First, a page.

Epstein shares his own canon of the novelists that would be included


What makes Epstein compelling is his humility and generosity of spirit, his sense of humor, his breadth of experience. Though I may or may not agree with him on some points, the ideas resonate on a deep level.

Read the best novels you can find to learn, to empathize and to grow. In the process, acquire a more complex understanding of humanity, of life’s mysteries, its meaning, and its point. And reading these authors is to plum the truths of the imagination and of the heart. (Epstein, p. 126)


Is the novelist superior?

Is the novelist superior to those most vaulted of personages: saint and scientist, philosopher and poet? Whether or not you believe this, there is good reason to agree that the novel is one of humanity’s highest achievements.


Reading superior novels–novels by Cervantes, Jane Austen, Balzac, Tolstoy, Dickens, Dostoevsky, George Eliot, Stendhal, Proust, Robert Musil, Willa Cather, and others–arouse the mind in a way that nothing else quite does.

Epstein, p. 5.


One final point illustrates the superior nature of the novel. The serious novel investigates ideas and often “finds them wanting, sometimes helping to kill them.” Consider these: Arthur Koestler’s Darkness at Noon, George Orwell’s Nineteen Eighty-Four, and Aleksandr Solzhenitsyn’s One Day in the Life of Ivan Denisovich.

These three novels did more damage to the prestige of Communism than any straightforward polemic or personal account of the hell of living under that cruel system of govenment.

Epstein, p.124



*Joseph Epstein. The Novel, Who Needs It? (Encounter Books, 2023). A huge shout-out to Nancy who got me on to this gem and may even have stirred up interest in my reading group. How to pick serious and good books is its mission after all, if not friendship. The modern equivalent of Bible Study, such fellowship and enrichment over reading broaden our lot in life and the sobering realities of the day-to-day. Oh to read of another’s day-to-day and her triumphs, failures, frustrations, friendships. Thank you Mr. Epstein.

*The full quote from D.H. Lawrence is the second of two epigraphs which open Epstein’s essay / book. The first is a quote by Thomas Jefferson which argues that novels or a passion for them is a significant obstacle to a good eduction; that said, he finishes with a distinction made for some few narratives. These are, no doubt, the very type of novel Epstein discusses. Here is the opening quote of this letter in full.

I am man alive, and as long as I can, I intend to go on being man alive …. For this reason I am a novelist. And being a novelist, I consider myself superior to the saint, the scientist, the philospher, and the poet, who are all great masters of different bits of man alive, but never get the whole hog.

“Why the Novel Matters” (1936) by D.H. Lawrence

**At mid-life I have begun to read more nonfiction, especially creative or literary nonfiction. Epstein’s classic approach to this book opens with his thesis that novels as a genre are superior, which as a CNF (creative nonfiction) writer I found off-putting. On the defensive, I noted in the margins points of difference and weakness in his argument. He begins the essay with a mockery of novels by those who have a strong preference for truth. Hallo Hallo, tis me he wants to convince! Yet, he believes that fiction is ‘truer’ than nonfiction and litle by little, I came around to respect his thesis. I could push back on him as it relates to great humans and their memoirs. Getting inside the minds of such people is on equal footing with the best novels, this reader believes. Think of St. Augustine’s Confessions, Marcus Aurelius’s Meditations, Grant’s Memoirs, etc. . .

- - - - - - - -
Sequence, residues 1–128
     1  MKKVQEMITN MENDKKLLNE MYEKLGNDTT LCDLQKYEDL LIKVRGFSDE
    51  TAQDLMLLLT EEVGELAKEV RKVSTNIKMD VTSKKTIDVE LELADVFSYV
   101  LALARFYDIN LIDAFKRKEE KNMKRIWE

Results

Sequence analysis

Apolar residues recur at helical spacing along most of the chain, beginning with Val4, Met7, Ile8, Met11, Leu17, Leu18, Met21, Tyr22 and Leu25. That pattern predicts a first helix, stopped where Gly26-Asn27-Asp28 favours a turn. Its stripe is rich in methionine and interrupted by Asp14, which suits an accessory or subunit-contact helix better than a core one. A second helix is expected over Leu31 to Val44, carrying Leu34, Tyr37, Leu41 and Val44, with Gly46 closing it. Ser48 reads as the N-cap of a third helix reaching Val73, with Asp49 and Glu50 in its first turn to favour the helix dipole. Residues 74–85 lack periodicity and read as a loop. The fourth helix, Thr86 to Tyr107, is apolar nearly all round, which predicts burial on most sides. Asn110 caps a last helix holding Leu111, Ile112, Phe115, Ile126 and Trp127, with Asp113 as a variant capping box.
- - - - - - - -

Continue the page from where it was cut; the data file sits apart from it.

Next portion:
**Solzhenitsyn and the Gulag – A Russian Novel About Your Life – I wrote this TreeHousLetter when I read One Day in the Life of Ivan Denosivich four years ago. Follow the link to read why this short work is a classic. Here is how my letter ends:

IN CLOSING, what makes a novel a classic is its ability to connect people across cultures and time. Solzhenitsyn’s military service, his struggle and ultimate survival in the labor camps, his exile, and his simple writing style, give his work its authenticity. In the book’s forward, the poet and editor Alexander Tvardovsky writes that the peasant’s voice, the everyday ordinariness and the fidelity to the great truths of life, these “awaken corresponding virtues in the author’s writing. . . it [the book] is least of all concerned with itself and is therefore full of an inner dignity and force.”

Feb 13, 2024


About the Author

Mylinh Shattan is a writer who has lived on three continents, served in the Army, worked in corporate America, and taught in college. She loves adventures, in the world and in the mind. Literature is relevant and learning is a lifelong pursuit, so you might as well have a bit of fun along the way.